Tuesday, April 9, 2013

Positive Thinking and Other Harmful Advice

Evolution has shaped our physiology and behavior in a way that causes us to reliably avoid things that are uncomfortable, painful, or threatening.  If one of our ancestors encountered a lion in a particular area of the savanna, a set of uncomfortable bodily sensations would be set off that would make it more likely that the individual would run or protect themselves.  If they happened to find themselves strolling near that area again in the future, those same sensations would show up as soon as they recognized the familiar scenery, making it more likely that they would stay away.  The opposite is true for pleasant experiences.  Things like food, sex, and mild temperatures set off very pleasant bodily sensations, and so we are more likely to seek those things.  These bodily processes are ubiquitous in the animal kingdom and there's a reason: It's simple, and it works.

As modern humans, along with our ability to think and speak in more complex ways, we have become increasingly more sophisticated in how we talk about and relate to our thoughts, emotions and bodily sensations.  We've given them names like "anxiety," "joy," "anger," and "sadness." And somewhere along the line, in our infinite wisdom, we declared that not only are the situations that trigger painful sensations dangerous, but the painful sensations themselves are dangerous.  Likewise, we declared that the pleasant ones are what we should all be striving for as we live our lives, they are what life should about.

The cultural message, over time, has boiled down to this:  1. Unpleasant thoughts and emotions are bad, and pleasant ones are good.  2. If you have unpleasant thoughts and emotions, then there is something wrong with you, and you need to eliminate them before you can live a good life.  3. If you are experiencing pleasant ones, then that means you are living a good life."  Boiled down even further, it looks like this: "Feeling good = living good."

This is horseshit.  But it is culturally supported, widespread, dangerous horseshit.

As you move through your day, take a look around you and notice just how well supported this message is.  Nearly every advertisement you will see promotes the idea that "if you purchase this item, you will feel good, and therefore life will be good."

Most life advice dispersed to you by experts on TV and in magazine articles will come in the form of this message.  And lastly, in the science world, we have built entire fields upon this assumption.  Most of your trusted psychiatrists and psychologists believe it so thoroughly that they don't even recognize that they are making the assumption in the first place.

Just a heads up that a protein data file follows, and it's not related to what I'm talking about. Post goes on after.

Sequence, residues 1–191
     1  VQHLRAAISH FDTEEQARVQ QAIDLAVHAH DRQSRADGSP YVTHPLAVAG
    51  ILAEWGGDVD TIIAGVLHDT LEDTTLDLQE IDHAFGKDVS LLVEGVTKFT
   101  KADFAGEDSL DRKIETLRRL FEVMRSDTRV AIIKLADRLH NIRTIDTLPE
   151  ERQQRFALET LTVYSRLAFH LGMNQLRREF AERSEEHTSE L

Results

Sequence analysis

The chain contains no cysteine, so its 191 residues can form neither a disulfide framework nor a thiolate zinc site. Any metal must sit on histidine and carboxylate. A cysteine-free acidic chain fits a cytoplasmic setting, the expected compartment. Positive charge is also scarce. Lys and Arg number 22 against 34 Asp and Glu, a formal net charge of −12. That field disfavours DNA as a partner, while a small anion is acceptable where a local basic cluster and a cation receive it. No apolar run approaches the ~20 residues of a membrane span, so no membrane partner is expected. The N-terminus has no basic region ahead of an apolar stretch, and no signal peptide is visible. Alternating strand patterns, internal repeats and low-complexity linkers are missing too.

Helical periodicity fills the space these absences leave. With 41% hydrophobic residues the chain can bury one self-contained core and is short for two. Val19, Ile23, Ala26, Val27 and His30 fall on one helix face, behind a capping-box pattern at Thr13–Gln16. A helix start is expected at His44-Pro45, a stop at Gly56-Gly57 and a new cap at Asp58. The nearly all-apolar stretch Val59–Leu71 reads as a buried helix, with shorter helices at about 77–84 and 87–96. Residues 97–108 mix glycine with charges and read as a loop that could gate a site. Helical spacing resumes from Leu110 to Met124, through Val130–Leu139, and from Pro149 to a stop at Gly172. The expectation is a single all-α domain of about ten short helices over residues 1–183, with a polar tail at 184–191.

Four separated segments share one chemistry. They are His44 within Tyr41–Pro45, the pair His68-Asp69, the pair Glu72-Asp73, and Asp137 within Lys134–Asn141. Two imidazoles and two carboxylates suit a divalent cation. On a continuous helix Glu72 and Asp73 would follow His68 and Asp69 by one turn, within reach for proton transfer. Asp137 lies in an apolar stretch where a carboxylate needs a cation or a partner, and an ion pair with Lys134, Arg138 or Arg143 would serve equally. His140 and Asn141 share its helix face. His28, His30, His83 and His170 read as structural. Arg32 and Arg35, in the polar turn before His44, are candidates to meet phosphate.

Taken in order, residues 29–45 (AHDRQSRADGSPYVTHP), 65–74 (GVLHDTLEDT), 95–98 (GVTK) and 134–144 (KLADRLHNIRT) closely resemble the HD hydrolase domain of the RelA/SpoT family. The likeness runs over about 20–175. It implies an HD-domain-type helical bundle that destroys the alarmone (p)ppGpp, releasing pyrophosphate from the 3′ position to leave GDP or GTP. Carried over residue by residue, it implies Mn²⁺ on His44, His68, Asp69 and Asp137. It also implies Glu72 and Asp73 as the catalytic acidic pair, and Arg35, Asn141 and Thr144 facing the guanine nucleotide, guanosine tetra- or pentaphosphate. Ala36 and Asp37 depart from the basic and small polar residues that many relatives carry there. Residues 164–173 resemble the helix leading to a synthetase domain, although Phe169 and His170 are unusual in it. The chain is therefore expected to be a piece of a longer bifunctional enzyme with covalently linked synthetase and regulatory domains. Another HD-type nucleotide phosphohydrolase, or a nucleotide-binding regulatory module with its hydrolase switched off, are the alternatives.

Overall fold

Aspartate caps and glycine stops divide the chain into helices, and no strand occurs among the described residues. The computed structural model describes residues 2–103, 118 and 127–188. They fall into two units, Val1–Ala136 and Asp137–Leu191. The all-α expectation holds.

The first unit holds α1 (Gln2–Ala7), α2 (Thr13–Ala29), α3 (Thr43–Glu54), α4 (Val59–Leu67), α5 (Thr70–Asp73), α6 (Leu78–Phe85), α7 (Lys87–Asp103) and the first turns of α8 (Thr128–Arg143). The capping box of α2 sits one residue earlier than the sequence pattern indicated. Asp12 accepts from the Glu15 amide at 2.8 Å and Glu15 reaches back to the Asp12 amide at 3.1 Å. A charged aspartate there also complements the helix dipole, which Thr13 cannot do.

From these fields, based on this "feel good" assumption, we have an ever increasing industry of phychopharmacology and the promotion of therapies and techniques that implore you to go to war with your own thoughts and emotions.

Not every culture thinks this way.  This is, for the most part, a Western, industrialized view of how life should be (or feel).  But how did this idea get to be so widely accepted by Western culture? One of the simplest and most direct ways for ideas to become widespread cultural assumptions is for them to be passed around in the form of common phrases.  So what I'd like to do now is pick out just a few phrases and pieces of advice that I find to be fairly common and widely accepted, and take a good honest look at them.  As I lay these phrases out and share my thoughts on them, see if you can put aside what you've learned about pleasant and unpleasant thoughts and emotions, and what seems to be "the right way" to deal with them, and take a look at what your experience actually tells you about them.
“You should feel happy” & “You deserve to feel happy.”
Feeling good or happy is not the natural, normal, healthy state of human existence.  In fact, feeling that way all of the time or even the majority of the time is not normal.  Look around you at other life on this planet.  Most complex organisms surrounding us live their lives one threatening, fearful experience to the next.  Why should it be the case that with all of the frightened, anxiety-laden animals on this planet, humans should be or deserve to be happy, calm, and serene.  I would argue that if anything, we should be in more distress.  We alone have the capability to imagine, remember, compare, evaluate, and to love in the way that only a human can love.  Yet, these abilities have a dark side.  If you can feel love for another person, then you will feel sadness and loss when you lose them.  If you can imagine your future, then you can feel disappointment as you look at your current circumstances and find them lacking.  No thought or emotional experience is inherently good or bad, they are simply experiences that go along with being human.  Sadness has every bit as much right to be present in your life as joy.  It is only when we declare these experiences to be good or bad that we begin to struggle with them, and it is at that precise moment that we begin to suffer.
“Do whatever makes you feel happy.” & “Do what feels right.”